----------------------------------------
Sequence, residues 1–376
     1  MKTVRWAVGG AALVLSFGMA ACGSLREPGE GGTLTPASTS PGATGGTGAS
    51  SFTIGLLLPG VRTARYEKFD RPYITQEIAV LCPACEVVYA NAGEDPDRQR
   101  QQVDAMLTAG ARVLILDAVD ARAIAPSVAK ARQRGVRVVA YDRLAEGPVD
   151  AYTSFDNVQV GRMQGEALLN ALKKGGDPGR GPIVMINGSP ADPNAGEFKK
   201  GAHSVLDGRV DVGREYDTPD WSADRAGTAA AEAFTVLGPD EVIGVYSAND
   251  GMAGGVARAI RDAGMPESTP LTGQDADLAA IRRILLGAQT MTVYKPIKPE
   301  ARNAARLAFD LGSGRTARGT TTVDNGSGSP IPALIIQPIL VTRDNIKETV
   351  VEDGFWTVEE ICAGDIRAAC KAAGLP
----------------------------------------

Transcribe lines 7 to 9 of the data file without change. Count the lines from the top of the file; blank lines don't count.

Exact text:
   251  GMAGGVARAI RDAGMPESTP LTGQDADLAA IRRILLGAQT MTVYKPIKPE
   301  ARNAARLAFD LGSGRTARGT TTVDNGSGSP IPALIIQPIL VTRDNIKETV
   351  VEDGFWTVEE ICAGDIRAAC KAAGLP